In Durango, Grizzly Peak has garnered a considerable mystique. As viewed from U.S. Highway 550 south of the Cascade bend, it appears somewhat dark and daunting. It may be seen for a fleeting moment in the center of a sky wedge which makes it all the more alluring. Standing on the tapered top is altogether surreal. It is like being inside a spinning kaleidoscope. Twirl yourself to see ridges rippling off in all directions and mountains flying by, each a jazzy splash of color.
Grizzly Peak is rightfully the object of many a quest. Some relish the challenge, some climb to strike a Colorado bicentennial off their list, and others seek beauty and renewal. The mountain is remote; the long and rugged drive dissuades. While a trail escorts you to “Grizzly Meadows,” a hanging glacial bench, from there you are on your own to find the way.
From the north end of the parking area, elevation 11,200 feet, walk on a well-defined spur for 0.1 mile and intersect the Colorado Trail. Note this unsigned junction for the return. Turn right (toward Denver!) and descend to a creek stained alabaster white from aluminum hydroxy-sulfate precipitate.
At 0.7 mile, leave the cross-state treadway, veering left (north) on an unmarked social trail. It makes a rising traverse and bends around the base of Point 12,695’ while crossing a rock glacier. Grizzly Peak comes into view, an opportunity to orient yourself to principle landscape features. Locate, most especially, the prominent pinnacle on the south ridge and the climbing couloir.
The trail tracks above Grizzly Meadows at 2.1 miles, but you may easily walk down to explore a myriad of ponds and a richly flowered and grassy turf. The wetlands are on a broad terrace with glacial erratics strewn about. The land falls away dramatically on the east into the Cascade Creek canyon. White Creek Falls plummets down the opposing wall. The contrast between peaceful pools and the hovering southwest ridge of dominant Rolling Mountain could not be more startling.
Several game trails spin off the main path as it plows up the scree field and disappears in the tundra. The next one mile to Grizzly’s south ridge is a crucial navigation challenge. I have tried many alternate routes. Following is the most pleasant.
First, visually locate the access couloir. Now, find the glacially polished moist slabs on the east-facing slope a couple hundred feet above you. You may dodge them on either side. The green ramp on the left works but it is considerably steeper than the boulder strewn slope to the right. That is where tundra euphoria is sure to infuse you with propellant.
Granitic boulders at the couloir’s entrance are solid and stable. I favor the northeast wall, but the entire gully is accepting. As the pitch increases, groups should guard against tumbling talus. Toward the top, material is smaller, and there are slick braids in the soil.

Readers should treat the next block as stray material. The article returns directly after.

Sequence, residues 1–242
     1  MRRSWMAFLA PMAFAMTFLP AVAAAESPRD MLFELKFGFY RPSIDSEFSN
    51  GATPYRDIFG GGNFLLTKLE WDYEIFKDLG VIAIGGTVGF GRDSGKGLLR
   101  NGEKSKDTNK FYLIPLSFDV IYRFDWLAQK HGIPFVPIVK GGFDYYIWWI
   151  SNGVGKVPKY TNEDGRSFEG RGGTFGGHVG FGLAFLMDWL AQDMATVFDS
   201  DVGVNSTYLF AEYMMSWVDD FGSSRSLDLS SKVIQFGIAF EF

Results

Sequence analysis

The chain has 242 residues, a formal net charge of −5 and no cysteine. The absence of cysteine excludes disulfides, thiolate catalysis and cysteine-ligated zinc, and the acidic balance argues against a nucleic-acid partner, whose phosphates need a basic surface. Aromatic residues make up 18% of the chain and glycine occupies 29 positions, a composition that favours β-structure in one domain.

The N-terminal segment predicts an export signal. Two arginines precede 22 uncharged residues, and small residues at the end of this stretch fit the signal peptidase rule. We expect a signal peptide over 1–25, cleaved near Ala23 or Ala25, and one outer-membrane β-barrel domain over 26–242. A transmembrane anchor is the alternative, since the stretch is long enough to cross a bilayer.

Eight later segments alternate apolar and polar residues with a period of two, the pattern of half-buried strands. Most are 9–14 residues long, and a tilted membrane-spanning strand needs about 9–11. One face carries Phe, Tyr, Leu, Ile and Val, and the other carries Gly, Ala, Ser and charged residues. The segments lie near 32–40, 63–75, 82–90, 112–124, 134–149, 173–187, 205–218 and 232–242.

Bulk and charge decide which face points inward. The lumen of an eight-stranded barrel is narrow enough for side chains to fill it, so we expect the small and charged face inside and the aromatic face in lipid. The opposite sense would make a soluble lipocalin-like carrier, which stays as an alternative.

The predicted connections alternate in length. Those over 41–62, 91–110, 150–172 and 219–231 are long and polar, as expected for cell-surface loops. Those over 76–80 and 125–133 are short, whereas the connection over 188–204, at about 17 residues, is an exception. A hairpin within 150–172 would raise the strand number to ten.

The couloir terminates on the south ridge at elevation 13,400 feet. Turn north for a relatively easy 0.3 mile ascent to the summit on a social trail. Tuck down amongst protective stone cubbyholes on the spherical crown.
Radiating colorful ridges splay from the summit toward vibrant, variegated neighboring mountains. Vermilion Peak, 13,894’, is the tallest and brightest, the definitive headwall of the Ice Lake Basin. San Miguel Peak is the hump-shouldered granite-scape 1.6 miles away to the north. Engineer Mountain appears to cap a wall of slabs on Grizzly’s southeast ridge. At last count, there were a dozen fourteeners visible from the summit.
South Ridge Descent RouteRetrace your steps through the couloir for the proven way home. Alternatively, the fun factor on the south ridge is extreme, an option for hikers experienced with Class 3 rock and mild exposure. Pass by the couloir entrance and proceed south. Scramble to the base of the free-standing minaret. Go around the spire on the east and return to the ridge. Bypass subsequent towering slabs on the west side.
Prior to reaching the saddle with Point 13,139’, at about elevation 13,040 feet, abandon the ridge and descend east through the basin. Work down through, or bypass, cliff bands keeping a bead on the largest lake in Grizzly Meadows. Watch for golden eagles soaring and weasels scampering.
Stay to the right of two large boulders at 12,160 feet. You can’t miss them; they are miniature replicas of Engineer Mountain. Intersect the upcoming route. From the trail above Grizzly Meadows it is less than an hour to the parking area, assuming you do not mistakenly continue on the Colorado Trail all the way to Durango.
http://debravanwinegarden.blogspot.com. Debra Van Winegarden is an explorer and freelance writer who lives in Durango.